What to do for degenerative disc disease in the neck? Non-surgical techniques are recommended as a first-line treatment for individuals experiencing mild pain and discomfort. For patients living with degenerative disc disease in the neck and suffering from intractable neck pain, a cervical collar may be advised. Depending on the physician’s advice, the methods listed below could be employed separately or combined.

Lifestyle Modification

No single element in your daily life can be changed to help with cervical degenerative disc degeneration. To treat the symptoms and achieve effective outcomes, it should include a combination of factors, along with adequate rest. They are discussed below.

  1. Intake of healthy food, including fruits and vegetables with anti-oxidizing properties. Caffeine intake should be avoided.
  2. Avoid strenuous activities that trigger your symptoms. This may include lifting heavy objects, repetitive movements involving the neck, over usage of cell phones, etc.
  3. Intake of fluids should be increased to avoid dehydration, which is a crucial factor in cervical disc degeneration.
  4. Studies indicate that there is a connection between smoking and cervical degenerative disc disease. Individuals with cervical degenerative disc disease should quit smoking as it interferes with the body’s natural healing process. Smoking blocks the oxygen supply to the intervertebral discs, thereby triggering further degeneration. Smoking also causes the bloodstream to absorb carbon monoxide, which prevents the discs from absorbing calcium and other nutrients from the blood.
  5. Erect posture should be maintained during sitting, walking, reading, or using computers.

Ice/ Heat Therapy

Neither heat nor cold will penetrate far enough to reduce the inflammation in cervical degenerative disc disease. Hence the individual can choose whichever he feels the best and most comfortable. Ice therapy reduces inflammation and helps to reduce pain to some extent, whereas heat therapy helps to relax muscles, thereby decreasing stiffness. However, these methods will not have a long-term effect on pain relief.

A plastic bag filled with ice, an ice pack, or even a bag of frozen peas could be used for ice therapy. Never apply ice directly to the neck as it may lead to ice burn. A moist heating pad, hot water bottle, or a towel soaked in hot water can be used for heat therapy. Ice/ heat therapy should be used for 10-15 minutes every few hours.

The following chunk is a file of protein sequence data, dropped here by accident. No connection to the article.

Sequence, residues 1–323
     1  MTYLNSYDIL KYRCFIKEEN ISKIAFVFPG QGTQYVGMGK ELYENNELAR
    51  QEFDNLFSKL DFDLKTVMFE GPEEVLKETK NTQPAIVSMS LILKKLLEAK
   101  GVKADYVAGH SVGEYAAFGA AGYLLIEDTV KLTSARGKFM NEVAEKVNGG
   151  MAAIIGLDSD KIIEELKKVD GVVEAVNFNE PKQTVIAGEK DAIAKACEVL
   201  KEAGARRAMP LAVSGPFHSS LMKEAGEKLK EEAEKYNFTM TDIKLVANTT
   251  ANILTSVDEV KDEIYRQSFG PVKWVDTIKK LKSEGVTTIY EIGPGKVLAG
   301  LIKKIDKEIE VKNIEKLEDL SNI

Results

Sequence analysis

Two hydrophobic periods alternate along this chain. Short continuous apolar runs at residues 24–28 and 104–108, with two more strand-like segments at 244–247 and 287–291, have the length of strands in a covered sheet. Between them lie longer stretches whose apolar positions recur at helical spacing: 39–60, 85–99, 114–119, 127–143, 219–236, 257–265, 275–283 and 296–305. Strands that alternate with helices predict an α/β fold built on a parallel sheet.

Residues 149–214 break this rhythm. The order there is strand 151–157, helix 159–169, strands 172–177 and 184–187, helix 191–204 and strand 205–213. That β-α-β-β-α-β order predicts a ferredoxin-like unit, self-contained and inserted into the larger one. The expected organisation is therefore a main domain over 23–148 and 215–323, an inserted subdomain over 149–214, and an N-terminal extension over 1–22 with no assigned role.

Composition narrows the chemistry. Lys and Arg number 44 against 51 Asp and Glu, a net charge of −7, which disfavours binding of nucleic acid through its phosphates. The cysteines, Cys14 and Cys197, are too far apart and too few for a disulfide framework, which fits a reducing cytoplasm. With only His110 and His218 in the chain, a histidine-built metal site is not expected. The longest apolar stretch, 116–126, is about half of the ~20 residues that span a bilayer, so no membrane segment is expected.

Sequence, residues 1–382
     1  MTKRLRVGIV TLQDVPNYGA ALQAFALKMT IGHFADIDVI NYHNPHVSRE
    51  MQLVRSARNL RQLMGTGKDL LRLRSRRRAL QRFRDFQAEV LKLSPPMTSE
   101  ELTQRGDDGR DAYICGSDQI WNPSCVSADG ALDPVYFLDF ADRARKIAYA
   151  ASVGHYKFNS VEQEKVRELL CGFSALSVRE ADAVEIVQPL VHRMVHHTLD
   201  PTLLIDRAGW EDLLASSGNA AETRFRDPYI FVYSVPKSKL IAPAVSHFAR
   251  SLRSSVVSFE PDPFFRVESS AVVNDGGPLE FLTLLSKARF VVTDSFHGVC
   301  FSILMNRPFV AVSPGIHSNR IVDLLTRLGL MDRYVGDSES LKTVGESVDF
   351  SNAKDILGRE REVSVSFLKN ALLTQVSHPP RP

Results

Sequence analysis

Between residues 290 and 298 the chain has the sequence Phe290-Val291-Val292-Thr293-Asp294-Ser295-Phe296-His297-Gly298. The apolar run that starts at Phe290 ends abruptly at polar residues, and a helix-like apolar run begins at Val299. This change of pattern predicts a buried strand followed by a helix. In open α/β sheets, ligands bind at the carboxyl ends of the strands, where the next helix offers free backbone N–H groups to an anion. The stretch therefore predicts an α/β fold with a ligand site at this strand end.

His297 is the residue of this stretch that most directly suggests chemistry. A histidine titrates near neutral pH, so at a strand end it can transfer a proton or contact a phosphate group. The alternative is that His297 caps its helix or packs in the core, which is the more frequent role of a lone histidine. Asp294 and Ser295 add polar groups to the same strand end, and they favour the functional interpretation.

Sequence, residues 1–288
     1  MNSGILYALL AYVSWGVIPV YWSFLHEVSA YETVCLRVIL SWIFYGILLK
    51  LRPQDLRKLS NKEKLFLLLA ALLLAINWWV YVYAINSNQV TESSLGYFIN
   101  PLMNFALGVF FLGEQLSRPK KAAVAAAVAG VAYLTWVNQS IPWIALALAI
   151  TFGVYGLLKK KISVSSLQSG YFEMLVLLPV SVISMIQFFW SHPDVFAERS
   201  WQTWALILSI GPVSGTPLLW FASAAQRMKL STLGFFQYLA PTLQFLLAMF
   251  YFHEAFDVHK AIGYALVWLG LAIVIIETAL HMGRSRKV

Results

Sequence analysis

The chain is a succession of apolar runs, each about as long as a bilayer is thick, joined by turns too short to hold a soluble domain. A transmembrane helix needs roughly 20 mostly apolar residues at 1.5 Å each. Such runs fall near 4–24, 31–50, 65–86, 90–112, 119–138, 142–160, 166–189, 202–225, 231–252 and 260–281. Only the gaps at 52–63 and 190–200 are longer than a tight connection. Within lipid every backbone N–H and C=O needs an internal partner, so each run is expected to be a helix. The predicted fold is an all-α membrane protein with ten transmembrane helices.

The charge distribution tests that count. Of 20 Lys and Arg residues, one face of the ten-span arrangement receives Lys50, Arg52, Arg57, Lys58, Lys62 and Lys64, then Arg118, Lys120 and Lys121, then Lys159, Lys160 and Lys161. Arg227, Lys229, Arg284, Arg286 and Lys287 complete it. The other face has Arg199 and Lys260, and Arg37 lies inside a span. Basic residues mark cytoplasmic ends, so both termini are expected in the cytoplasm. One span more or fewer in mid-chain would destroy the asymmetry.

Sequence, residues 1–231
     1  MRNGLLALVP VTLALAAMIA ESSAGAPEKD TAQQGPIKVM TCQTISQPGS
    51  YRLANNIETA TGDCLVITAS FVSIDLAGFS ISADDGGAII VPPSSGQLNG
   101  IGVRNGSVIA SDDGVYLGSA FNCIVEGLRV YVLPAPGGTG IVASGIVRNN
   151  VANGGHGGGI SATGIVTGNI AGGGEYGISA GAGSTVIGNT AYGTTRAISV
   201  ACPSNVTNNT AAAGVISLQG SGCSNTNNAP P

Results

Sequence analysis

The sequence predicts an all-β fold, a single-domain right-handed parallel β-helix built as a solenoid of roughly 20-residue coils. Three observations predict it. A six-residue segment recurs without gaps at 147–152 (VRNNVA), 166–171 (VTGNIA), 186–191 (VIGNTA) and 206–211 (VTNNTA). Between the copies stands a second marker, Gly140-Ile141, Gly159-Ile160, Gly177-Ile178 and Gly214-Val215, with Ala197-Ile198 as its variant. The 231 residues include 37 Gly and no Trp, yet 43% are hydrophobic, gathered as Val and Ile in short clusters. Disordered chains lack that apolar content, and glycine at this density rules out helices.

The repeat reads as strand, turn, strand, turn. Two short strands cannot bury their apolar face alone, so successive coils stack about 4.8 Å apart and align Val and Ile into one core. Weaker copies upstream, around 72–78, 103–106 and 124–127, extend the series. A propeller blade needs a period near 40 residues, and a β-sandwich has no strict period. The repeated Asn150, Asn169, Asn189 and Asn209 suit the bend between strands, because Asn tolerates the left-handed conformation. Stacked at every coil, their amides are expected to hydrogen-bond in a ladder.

Pain Medications and Injections 

Non-steroidal anti-inflammatory drugs (NSAIDs), antidepressants, Acetaminophen, oral steroids, and muscle relaxants are the commonly prescribed medications for cervical degenerative disc disease.

NSAIDs, or non-steroidal anti-inflammatory drugs like aspirin, ibuprofen (such as Advil, Motrin), and Naproxen (such as Aleve, Naprosyn) are used to relieve pain-related symptoms of cervical degenerative disc disease. It may be used either as over-the-counter or prescription medication. For periodic painful outbreaks, acetaminophen like Tylenol may be prescribed. It is a relatively safe and effective pain treatment.

Muscle relaxants such as Carisoprodol Cyclobenzaprine and Diazepam are prescribed to manage the pain caused by muscle spasms. These drugs should not be used on a continuous basis.

Steroid injections for cervical degenerative disc disease are usually effective in managing underlying problems such as stenosis or a herniated disc. Cervical epidural steroid injections or cervical facet injections deliver anti-inflammatory medicine directly into the inflamed spinal nerves that help to provide temporary or lasting pain relief.

Physical Therapy

The physical therapy treatment strategy for cervical degenerative disc disease should involve an expert physical therapist who can give you specialized cervical degenerative disc disease exercises. Stretches and exercises can help reduce pain and stiffness, minimize neck pain, strengthen the neck muscles and joints and reduce further complications. The typical exercises for cervical degenerative disc disease are